Estimating the cost-effectiveness of forestry compared with other mitigation options
Forests potentially have a very important role to play in global climate change mitigation. They act as carbon sinks while wood products offer alternatives to more carbon intensive materials and fuels. Forest Research reviewed previous studies to set estimates for forestry-based mitigation options and highlight gaps in the evidence where further research is required. Cost-effectiveness estimates like these can help the UK Government minimise the costs of meeting climate change mitigation targets.
Key findings and recommendations
- Methodological inconsistency and a lack of transparency hampers direct comparisons of estimates made by previous studies
- Forestry options are generally cost-effective compared to many alternatives, as judged by current UK benchmarks
- Forestry options are critical – based on their relative cost-effectiveness, the significance of emissions from global deforestation, and the imperative to cut carbon emissions no later than 2015 to limit the global average temperature rise to 2°C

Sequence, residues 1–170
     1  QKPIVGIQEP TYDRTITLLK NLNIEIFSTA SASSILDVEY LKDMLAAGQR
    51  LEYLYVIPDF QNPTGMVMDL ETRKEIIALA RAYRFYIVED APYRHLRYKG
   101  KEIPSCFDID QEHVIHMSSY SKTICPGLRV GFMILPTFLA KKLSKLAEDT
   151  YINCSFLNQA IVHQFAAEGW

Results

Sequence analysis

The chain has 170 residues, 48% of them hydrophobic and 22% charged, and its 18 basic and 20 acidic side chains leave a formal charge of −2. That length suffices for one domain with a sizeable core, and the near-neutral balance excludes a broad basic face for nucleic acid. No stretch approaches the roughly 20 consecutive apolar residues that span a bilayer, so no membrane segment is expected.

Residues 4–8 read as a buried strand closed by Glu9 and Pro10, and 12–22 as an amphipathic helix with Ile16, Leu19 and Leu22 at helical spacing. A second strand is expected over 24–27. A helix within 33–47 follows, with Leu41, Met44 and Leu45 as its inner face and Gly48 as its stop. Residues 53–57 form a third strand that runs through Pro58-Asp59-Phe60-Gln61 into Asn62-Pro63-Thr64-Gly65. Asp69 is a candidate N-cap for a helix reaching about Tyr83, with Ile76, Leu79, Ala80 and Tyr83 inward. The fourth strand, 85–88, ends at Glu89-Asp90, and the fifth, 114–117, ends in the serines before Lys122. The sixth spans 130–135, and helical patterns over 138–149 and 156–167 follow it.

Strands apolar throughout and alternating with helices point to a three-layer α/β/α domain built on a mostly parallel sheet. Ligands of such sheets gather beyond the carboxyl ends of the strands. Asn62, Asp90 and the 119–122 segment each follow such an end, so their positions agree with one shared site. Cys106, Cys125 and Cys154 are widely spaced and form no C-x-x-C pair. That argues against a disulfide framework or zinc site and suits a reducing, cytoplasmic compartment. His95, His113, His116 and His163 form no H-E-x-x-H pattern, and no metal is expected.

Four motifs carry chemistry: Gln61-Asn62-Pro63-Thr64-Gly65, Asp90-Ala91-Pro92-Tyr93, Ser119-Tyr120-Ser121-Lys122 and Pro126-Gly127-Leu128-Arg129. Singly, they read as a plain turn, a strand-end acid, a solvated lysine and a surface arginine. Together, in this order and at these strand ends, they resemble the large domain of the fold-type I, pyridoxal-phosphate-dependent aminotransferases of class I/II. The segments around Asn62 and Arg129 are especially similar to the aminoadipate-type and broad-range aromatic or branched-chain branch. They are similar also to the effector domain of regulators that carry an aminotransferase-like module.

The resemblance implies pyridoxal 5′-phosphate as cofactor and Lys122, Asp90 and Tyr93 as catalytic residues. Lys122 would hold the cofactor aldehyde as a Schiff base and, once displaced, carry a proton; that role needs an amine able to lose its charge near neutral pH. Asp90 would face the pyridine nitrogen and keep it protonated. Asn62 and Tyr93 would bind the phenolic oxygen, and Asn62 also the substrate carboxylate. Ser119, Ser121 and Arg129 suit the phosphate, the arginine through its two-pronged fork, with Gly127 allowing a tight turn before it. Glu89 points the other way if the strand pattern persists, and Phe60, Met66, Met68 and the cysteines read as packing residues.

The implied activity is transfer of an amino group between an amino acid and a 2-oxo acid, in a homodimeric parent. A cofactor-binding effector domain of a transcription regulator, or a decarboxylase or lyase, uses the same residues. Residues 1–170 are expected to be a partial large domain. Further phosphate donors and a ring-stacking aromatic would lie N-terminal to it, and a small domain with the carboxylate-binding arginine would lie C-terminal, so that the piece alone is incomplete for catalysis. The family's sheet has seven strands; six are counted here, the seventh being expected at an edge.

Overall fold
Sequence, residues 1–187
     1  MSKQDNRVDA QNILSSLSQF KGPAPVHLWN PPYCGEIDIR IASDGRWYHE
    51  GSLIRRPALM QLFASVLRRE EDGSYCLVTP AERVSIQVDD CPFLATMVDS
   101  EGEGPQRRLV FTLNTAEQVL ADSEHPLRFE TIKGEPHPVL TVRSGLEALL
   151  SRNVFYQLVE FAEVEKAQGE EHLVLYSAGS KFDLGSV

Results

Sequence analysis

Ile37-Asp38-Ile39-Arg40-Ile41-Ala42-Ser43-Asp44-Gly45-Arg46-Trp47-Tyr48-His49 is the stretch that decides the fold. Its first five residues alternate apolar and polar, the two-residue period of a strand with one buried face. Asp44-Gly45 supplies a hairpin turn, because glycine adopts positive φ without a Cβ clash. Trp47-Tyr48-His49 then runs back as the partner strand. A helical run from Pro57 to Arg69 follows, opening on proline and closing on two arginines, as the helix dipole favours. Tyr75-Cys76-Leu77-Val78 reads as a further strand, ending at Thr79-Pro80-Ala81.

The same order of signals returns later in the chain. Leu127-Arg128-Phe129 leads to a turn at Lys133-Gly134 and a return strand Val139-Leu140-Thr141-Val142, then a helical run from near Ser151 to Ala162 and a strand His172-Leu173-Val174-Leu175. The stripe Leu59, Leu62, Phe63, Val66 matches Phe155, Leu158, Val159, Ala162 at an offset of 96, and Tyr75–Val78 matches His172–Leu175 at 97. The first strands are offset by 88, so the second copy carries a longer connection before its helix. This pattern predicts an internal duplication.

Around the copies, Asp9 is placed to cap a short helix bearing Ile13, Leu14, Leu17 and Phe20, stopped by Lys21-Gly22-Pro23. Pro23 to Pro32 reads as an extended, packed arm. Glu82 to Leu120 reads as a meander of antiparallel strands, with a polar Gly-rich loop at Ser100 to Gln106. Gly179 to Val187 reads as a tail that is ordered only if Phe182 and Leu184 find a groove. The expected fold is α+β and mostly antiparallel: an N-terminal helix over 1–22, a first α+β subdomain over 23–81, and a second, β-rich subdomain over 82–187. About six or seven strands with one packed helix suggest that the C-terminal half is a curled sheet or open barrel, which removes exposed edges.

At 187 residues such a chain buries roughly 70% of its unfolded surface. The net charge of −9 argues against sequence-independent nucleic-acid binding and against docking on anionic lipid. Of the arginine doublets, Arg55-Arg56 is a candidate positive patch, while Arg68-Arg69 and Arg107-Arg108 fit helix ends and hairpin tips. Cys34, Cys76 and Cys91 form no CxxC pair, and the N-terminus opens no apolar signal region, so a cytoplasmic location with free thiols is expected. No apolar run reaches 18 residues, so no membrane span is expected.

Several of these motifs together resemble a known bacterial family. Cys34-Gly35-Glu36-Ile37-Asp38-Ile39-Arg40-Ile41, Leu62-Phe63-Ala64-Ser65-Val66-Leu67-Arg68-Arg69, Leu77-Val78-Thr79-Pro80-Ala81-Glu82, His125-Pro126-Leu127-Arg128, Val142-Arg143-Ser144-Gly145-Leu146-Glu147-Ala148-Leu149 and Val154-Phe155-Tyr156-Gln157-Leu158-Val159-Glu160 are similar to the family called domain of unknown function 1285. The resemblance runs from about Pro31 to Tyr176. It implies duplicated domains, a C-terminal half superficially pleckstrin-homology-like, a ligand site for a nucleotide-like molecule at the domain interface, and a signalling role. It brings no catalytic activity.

- Incentives are weak for forest owners to implement mitigation activities – they should include payment for ecosystem service schemes
- More research is required – especially on the effects of afforestation on soil carbon balance, greenhouse gas balances for forest stands, carbon stock changes through a stand’s life cycle, the benefits of carbon displacement, and biophysical effects such as albedo and evapotranspiration
- Research summary, detailed findings and recommendations
- Book chapter - How cost-effective is forestry for climate change mitigation?
Funding and partners
Commissioned and funded by the Forestry Commission.
The project was completed in 2013.
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